February 1, 2015 … marooned for the day

That was a great day.


The last of our group comes ashore on Mana before the boat maroons us for the day.

Our camera club has a number of special interest groups, and the one specialises in landscapes is particularly active. Yesterday the group chartered a boat and twenty-seven of us went from Paremata across to Mana Island.


A pause while climbing the hill to take in both oxygen and the splendid view to the North

Most Wellingtonians are familiar with the flat-topped island offshore from Whitireia Park at Titahi Bay. It looks steep-sided but unremarkable. There are indeed some steep walls up to the plateau and I was breathing quite hard as we climbed. I was happy to take a few moments to construct a panorama on the way up.


A sea mist seems to surround Kapiti Island

Mana is not as large, nor as well covered with bush nor does it have quite the biodiversity of the larger Island, Kapiti, to the North. Unlike Kapiti, there is sufficient flat land on Mana that it was farmed for many years. It is in very recent years that it has been designated a predator-free reserve, and there has been a determined programme to re-establish native bush and to provide safe habitat for many endangered birds, skinks and geckos.

Wind farm

The West Wind wind farm on the hills above Makara

To the South the two wind farms, Mill Creek and West Wind can be seen clearly, though the day was so calm that the distant blades were just ticking over.


Takahe. That bill looks as if it could open tin cans

Of course, I mentioned birds, and there is considerable variety on the island, including whiteheads, tui, fairy prions, yellow-crested kakariki, tui, robins and a variety of seabirds. But best of all, the “back from extinction but still critically endangered” Takahe  (Porphyrio hochstetteri) is breeding on the island. There are now about 275 in the world. It is the largest living member of the rail family, and it weighs in at up to 4.2 kg. It is flightless,  so on an island this small there is a good chance of encountering one.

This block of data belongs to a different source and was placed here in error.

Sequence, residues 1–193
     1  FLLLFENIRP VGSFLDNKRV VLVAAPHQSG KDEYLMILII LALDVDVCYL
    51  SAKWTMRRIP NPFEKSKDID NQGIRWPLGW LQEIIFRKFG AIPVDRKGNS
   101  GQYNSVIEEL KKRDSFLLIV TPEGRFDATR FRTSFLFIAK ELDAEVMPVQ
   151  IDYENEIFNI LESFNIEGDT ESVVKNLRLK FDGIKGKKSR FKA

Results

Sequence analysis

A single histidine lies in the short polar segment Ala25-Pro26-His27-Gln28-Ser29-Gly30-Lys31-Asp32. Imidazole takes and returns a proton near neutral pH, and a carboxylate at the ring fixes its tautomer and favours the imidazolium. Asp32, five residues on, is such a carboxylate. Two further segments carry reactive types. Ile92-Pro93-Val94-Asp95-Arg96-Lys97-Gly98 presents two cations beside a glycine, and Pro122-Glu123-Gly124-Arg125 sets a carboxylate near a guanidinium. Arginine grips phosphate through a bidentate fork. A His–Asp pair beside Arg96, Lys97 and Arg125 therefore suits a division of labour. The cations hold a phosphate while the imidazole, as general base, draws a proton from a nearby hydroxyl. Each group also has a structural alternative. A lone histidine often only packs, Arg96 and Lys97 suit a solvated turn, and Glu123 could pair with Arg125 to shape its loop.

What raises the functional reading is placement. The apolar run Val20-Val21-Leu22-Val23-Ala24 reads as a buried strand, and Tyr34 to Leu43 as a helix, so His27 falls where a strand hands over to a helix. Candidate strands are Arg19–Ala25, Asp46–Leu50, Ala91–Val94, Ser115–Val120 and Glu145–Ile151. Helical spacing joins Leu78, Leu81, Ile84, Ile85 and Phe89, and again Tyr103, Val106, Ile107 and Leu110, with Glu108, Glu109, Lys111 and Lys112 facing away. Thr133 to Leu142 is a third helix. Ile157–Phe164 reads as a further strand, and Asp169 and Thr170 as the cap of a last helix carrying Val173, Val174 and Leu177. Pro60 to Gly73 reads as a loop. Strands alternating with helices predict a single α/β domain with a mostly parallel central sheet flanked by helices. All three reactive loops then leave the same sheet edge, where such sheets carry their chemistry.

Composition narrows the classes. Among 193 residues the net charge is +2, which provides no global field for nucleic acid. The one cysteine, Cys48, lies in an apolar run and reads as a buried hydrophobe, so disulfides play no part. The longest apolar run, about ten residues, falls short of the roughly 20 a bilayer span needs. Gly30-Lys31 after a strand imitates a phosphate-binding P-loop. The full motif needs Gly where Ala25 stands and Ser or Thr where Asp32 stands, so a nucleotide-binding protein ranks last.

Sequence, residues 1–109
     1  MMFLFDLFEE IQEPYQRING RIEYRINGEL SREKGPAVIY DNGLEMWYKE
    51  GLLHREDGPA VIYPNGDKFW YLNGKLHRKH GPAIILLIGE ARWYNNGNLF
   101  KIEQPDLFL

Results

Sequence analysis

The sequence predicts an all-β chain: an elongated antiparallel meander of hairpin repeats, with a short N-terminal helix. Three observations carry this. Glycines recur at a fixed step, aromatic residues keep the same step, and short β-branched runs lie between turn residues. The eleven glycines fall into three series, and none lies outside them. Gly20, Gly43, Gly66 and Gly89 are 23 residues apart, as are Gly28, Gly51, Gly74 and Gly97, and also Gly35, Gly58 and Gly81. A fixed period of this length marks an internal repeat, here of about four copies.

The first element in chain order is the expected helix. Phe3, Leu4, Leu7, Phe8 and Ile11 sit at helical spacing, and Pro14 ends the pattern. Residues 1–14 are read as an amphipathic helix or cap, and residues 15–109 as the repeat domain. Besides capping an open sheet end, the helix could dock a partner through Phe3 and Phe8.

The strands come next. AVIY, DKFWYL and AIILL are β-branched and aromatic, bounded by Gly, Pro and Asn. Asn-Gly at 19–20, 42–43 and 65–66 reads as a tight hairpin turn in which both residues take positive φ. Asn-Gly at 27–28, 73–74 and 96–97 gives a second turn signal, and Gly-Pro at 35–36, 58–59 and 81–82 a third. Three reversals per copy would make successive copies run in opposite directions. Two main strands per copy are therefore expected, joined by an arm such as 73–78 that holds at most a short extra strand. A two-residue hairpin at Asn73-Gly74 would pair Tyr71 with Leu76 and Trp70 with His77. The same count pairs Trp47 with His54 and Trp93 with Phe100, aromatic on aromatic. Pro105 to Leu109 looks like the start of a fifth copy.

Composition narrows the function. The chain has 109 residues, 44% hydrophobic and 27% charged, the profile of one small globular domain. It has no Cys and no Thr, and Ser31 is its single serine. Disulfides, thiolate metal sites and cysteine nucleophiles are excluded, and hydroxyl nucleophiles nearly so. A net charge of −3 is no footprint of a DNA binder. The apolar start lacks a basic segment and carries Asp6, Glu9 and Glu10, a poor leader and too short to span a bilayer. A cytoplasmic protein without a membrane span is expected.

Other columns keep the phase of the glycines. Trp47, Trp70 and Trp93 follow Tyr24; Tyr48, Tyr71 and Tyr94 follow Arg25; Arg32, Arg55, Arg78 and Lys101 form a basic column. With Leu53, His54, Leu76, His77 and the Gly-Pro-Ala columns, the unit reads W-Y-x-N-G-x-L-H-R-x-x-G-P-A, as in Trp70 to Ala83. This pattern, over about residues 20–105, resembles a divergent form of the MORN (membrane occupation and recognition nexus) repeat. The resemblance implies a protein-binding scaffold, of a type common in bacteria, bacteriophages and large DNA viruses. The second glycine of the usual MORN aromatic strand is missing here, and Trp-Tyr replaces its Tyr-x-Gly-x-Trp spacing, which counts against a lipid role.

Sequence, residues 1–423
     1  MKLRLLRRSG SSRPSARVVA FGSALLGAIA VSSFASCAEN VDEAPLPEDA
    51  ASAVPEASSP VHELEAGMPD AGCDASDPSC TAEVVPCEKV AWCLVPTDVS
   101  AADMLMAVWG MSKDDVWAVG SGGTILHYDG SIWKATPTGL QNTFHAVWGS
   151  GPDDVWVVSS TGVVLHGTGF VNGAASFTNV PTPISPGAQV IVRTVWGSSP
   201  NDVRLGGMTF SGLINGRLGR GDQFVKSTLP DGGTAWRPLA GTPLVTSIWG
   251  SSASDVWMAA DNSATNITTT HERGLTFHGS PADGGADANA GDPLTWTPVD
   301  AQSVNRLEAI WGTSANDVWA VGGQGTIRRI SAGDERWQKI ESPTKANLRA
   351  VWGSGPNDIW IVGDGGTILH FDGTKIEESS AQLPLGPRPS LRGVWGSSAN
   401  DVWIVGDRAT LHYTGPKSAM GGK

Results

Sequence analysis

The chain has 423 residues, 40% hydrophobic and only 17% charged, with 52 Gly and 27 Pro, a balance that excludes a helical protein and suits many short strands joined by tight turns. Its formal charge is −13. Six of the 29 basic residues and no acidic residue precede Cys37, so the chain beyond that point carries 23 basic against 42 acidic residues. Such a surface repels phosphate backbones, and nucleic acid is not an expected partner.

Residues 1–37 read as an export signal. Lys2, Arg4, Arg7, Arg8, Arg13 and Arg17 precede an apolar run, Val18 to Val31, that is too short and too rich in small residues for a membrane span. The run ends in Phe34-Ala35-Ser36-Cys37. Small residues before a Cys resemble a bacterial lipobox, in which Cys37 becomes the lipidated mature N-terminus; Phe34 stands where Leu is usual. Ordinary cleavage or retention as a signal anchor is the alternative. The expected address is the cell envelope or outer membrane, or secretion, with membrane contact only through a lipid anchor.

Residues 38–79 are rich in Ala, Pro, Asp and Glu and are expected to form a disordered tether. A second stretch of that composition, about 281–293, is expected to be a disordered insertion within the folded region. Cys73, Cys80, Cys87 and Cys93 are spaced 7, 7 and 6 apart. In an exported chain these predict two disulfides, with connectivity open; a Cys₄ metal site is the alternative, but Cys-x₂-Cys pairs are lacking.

Takahe chick. What big feet you have.

We followed the outermost and longest of the several trails on the island for a total of over 7 km and arrived under clear skies and a hot sun back at the shoreline in plenty of time for the boat. To our great delight, some of us saw a takahe chick with its mother.


Cruising sting ray. This was perhaps 2 metres across and it was amazing how quickly it moved with so little disturbance

By now the sun was really heating us up so we clung to the shade but some of us got excited when we saw the tips of the wings of some quite large sting-rays cruising by at the water’s edge.

Tired but happy.


About wysiwygpurple

I am a family man, a passionate amateur photographer and a retired academic . What's the purpose of this blog? Well in the first instance it provides me with a platform from which to resume writing, an activity I greatly enjoy. What will the blog be about? Anything that takes my fancy but it is likely to arise from things I see and experience, in my family, in my travels, or anything else I feel like. Each daily post will contain one or more images made the previous day. Sometimes the image will illustrate the points made in the prose, and sometimes the prose will attempt to interpret the image. What kind of images will they be? Always safe for work and family. Usually they will be representational, and sometimes they will be impressionistic or experimental.
This entry was posted in Animals, Birds, Landscapes, Mana Island, Maritime, Paremata, Weather. Bookmark the permalink.

2 Responses to February 1, 2015 … marooned for the day

  1. nzvideos says:

    I think you were very lucky to have seen a Takahe chick, I experienced a number of adult Takahe on Tiritiri Matangi island, but never a chick. Thank you.

  2. Toya says:

    Great shots, I didn’t get to see the takahae – you were lucky! Not sure about that first image tho lol.

Leave a Reply

Fill in your details below or click an icon to log in:

WordPress.com Logo

You are commenting using your WordPress.com account. Log Out / Change )

Twitter picture

You are commenting using your Twitter account. Log Out / Change )

Facebook photo

You are commenting using your Facebook account. Log Out / Change )

Google+ photo

You are commenting using your Google+ account. Log Out / Change )

Connecting to %s